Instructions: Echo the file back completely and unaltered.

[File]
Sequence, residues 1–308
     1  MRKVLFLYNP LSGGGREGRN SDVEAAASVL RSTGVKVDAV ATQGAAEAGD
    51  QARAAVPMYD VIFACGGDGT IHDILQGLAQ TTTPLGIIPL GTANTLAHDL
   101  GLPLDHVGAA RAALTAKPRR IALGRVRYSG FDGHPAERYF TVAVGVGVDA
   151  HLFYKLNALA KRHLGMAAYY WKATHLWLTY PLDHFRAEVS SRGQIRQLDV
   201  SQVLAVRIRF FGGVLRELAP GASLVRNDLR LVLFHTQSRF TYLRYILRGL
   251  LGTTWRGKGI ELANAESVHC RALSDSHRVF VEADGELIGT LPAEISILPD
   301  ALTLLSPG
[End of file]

Sequence, residues 1–308
     1  MRKVLFLYNP LSGGGREGRN SDVEAAASVL RSTGVKVDAV ATQGAAEAGD
    51  QARAAVPMYD VIFACGGDGT IHDILQGLAQ TTTPLGIIPL GTANTLAHDL
   101  GLPLDHVGAA RAALTAKPRR IALGRVRYSG FDGHPAERYF TVAVGVGVDA
   151  HLFYKLNALA KRHLGMAAYY WKATHLWLTY PLDHFRAEVS SRGQIRQLDV
   201  SQVLAVRIRF FGGVLRELAP GASLVRNDLR LVLFHTQSRF TYLRYILRGL
   251  LGTTWRGKGI ELANAESVHC RALSDSHRVF VEADGELIGT LPAEISILPD
   301  ALTLLSPG